People often describe me as “lost.” I am lost in every sense of the word. Lost in geography. Lost in thoughts. Lost of words. Lost…. My thoughts are stars I cannot fathom into constellations ( John Green, The Fault in Our Stars). Sometimes I cannot chase my own thoughts. I have to write them in my notebook because my mind skips from one idea to another. I think big. I like to keep my ideas vague and I always leave a grey area.

My sister tells me I am floater. I wander and wonder. I am a dreamer, one who spends a large portion of his/her life exploring and experimenting.  I spend a lot of my time in wonderland compared to my real world.  I dream a lot but I have no real goals.

I think  I surpass the three levels of Maslow’s hierarchy of needs. I feel so lonely that I have no one to console me for my lack of ambition. I have no ambition to be rich. Of course, I want to have enough money to travel, to buy new clothes, to satisfy my appetites. But money itself is not my motivational force. When I think about security like most adults worry most, I  just have faith that God will provide. As written in Matthew 6: 25-34:

25 “Therefore I tell you, do not worry about your life, what you will eat or drink; or about your body, what you will wear. Is not life more than food, and the body more than clothes? 26 Look at the birds of the air; they do not sow or reap or store away in barns, and yet your heavenly Father feeds them. Are you not much more valuable than they? 27 Can any one of you by worrying add a single hour to your life[a]?

This is not to say that we should not work and wait manna from heaven. But I don’t treat my life like a survival race.  We will survive no matter how much we are earning, how matter how big our family, no matter how limited are resources. If you think about animals, they don’t have money system of barter and trade. The birds just fly. The ants just crawl. And the street cats who have no pet owners have nine lives.

I don’t think that attaining the highest position in a multinational corporation can be one’s greatest achievement.  I do not envy those who have fancy business cards. I’m wondering how much time they devote in their corporate jobs, how much time they spend for hobbies, for culture, and for spirituality.

I once wrote an advice to my friend: to find a cause, to fall in love, to write a book. This is probably what I want to do or what I want to believe in. I interpret John Carter’s advice with metamorphic lenses. As what I said, I like to keep my ideas vague. That’s why I like metaphors. Finding a cause does not necessarily mean to stop global warming, to campaign against greedy politicians but to preach a principle that has life value. Falling in love for me does not have to be involved with a male figure. I want to fall in love with ideas. When an idea pops in my head, I want to nurture it and never leave it until it becomes a finished product. I might not publish a book at ll. All I want is to write my life and make it a masterpiece. I invent it and I make myself a heroic protagonist.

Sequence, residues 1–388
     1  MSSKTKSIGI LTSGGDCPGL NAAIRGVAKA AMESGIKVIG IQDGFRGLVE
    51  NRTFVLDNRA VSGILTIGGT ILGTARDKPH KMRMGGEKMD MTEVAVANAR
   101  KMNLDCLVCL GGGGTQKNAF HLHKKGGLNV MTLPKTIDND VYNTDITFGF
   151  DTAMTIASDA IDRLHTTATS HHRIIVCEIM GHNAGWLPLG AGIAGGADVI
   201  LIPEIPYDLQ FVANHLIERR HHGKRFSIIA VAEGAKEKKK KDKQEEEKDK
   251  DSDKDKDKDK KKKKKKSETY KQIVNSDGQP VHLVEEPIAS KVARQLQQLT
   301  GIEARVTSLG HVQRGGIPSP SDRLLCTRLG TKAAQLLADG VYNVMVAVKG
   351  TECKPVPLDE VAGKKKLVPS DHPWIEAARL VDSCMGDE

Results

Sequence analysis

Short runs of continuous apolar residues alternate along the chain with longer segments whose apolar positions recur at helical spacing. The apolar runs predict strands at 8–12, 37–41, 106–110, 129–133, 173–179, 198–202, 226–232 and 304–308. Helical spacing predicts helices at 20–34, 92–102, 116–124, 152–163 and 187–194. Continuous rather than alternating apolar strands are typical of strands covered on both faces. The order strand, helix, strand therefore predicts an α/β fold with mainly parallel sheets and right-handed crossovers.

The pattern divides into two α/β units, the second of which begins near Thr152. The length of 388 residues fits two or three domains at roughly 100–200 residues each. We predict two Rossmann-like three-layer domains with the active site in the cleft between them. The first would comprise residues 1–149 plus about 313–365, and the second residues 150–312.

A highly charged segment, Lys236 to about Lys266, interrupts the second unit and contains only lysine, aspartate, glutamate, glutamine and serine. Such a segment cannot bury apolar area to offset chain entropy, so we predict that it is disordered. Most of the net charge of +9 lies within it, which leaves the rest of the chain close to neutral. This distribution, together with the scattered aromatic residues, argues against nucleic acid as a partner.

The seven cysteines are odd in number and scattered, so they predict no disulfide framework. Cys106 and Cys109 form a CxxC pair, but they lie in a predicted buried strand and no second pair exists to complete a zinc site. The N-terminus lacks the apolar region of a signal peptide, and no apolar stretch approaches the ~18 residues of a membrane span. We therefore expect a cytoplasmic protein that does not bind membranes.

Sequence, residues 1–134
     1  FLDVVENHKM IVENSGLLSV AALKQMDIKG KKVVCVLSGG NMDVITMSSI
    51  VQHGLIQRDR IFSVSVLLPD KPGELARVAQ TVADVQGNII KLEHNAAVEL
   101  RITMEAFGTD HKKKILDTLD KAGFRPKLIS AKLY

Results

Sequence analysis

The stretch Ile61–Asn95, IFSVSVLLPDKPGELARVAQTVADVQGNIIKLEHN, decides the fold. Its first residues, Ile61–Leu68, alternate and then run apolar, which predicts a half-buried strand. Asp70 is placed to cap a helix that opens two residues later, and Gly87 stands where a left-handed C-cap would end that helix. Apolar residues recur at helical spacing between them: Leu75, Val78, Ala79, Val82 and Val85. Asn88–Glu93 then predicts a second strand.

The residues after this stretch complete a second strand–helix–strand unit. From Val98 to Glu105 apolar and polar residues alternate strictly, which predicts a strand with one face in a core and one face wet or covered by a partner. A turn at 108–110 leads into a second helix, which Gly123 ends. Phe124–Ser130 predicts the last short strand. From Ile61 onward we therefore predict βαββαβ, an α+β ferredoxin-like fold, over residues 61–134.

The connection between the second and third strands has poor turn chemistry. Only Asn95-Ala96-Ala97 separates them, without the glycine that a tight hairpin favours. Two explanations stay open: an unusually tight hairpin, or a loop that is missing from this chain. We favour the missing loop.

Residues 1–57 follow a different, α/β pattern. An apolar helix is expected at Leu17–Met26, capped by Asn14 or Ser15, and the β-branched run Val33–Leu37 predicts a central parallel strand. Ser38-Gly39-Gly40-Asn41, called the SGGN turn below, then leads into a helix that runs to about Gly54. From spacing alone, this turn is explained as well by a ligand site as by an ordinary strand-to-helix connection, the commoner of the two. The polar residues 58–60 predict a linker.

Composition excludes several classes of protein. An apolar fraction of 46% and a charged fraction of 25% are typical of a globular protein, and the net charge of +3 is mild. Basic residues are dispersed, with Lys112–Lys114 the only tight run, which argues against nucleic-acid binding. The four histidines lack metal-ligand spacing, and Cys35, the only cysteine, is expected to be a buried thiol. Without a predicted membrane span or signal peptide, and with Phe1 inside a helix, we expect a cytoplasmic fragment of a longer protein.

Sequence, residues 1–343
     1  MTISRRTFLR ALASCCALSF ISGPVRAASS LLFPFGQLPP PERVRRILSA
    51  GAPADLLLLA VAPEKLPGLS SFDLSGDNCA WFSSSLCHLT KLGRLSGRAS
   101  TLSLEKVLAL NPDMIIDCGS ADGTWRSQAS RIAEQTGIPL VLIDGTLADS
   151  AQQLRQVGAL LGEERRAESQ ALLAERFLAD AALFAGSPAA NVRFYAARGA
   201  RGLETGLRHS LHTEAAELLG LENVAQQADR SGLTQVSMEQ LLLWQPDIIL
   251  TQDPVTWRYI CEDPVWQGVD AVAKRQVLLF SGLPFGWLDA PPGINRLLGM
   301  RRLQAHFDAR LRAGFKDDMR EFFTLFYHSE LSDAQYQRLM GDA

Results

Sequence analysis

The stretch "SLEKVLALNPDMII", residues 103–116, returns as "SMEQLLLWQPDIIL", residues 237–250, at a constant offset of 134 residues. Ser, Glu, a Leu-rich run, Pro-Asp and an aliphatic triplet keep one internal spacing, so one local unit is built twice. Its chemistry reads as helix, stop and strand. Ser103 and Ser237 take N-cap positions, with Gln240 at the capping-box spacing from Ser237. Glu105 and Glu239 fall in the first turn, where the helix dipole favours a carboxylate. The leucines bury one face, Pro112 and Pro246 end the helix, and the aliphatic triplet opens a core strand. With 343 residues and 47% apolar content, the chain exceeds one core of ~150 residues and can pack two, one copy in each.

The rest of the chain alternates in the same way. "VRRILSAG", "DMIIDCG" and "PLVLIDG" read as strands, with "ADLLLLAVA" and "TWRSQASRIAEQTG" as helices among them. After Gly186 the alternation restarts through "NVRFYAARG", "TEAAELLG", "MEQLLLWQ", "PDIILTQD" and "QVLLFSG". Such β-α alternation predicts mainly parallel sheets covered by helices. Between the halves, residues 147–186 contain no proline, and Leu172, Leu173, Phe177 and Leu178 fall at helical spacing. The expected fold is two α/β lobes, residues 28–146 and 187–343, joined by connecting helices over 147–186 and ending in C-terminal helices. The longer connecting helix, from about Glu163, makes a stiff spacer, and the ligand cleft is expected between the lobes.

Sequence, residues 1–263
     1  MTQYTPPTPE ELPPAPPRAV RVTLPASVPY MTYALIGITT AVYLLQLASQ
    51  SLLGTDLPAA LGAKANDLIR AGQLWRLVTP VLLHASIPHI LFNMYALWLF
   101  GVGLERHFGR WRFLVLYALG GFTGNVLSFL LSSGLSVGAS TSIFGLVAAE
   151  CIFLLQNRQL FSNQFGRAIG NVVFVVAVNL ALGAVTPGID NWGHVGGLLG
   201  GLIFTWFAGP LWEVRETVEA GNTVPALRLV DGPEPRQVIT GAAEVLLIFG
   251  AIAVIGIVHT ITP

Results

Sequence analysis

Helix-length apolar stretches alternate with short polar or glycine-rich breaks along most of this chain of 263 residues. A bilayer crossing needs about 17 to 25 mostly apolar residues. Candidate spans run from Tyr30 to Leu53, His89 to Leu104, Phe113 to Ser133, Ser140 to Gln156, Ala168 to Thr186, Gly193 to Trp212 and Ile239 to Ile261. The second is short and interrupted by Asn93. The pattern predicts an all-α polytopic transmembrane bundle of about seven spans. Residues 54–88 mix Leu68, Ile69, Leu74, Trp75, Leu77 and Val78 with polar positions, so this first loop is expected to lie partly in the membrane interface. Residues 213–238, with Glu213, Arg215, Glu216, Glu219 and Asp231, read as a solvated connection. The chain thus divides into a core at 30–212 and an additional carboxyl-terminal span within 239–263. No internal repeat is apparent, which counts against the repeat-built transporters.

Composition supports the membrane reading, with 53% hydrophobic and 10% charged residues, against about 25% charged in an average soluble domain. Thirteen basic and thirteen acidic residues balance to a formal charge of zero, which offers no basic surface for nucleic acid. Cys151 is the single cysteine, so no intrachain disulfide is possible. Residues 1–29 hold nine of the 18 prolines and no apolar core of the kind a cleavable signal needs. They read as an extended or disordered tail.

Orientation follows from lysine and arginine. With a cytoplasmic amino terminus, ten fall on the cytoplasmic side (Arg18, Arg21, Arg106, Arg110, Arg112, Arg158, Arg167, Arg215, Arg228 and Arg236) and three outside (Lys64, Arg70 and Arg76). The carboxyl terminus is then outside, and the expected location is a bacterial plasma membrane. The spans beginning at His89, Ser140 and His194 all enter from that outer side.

But for now, I’ll just dedicate my time to arts and humanity. Be a fan of artists. Seek and taste cuisines from different islands. Learn from people who excelled in their craft. Listen to different national anthems. Sing a new song with a different language. Travel and preserve memories in photographs and memoirs. Expand my reading list to reference books and niche magazines. Acquire a new set of skills. Discover hidden talents. Write a lot of letters and stories. Find romance and poetry in life. Love more people. Admire more people. Accept people as they are. Help people to be happier. Share what I already have. Glorify God. Claim that I am more than a statistic figure of human population. Take advantage of boredom because boredom calls a higher need.

“The life of the creative man is lead, directed and controlled by boredom. Avoiding boredom is one of our most important purposes.”
Susan Sontag

It’s funny and superficial to say that this is my purpose in life but it can be profound at times.  There are many people who left earth without spending a single moment to question what is their purpose in life.

When you choose the road less traveled, you will get lost. There is no map for a road less known to others. But just like every destination, I manage to get there without a map.

Gotta go on my way *emote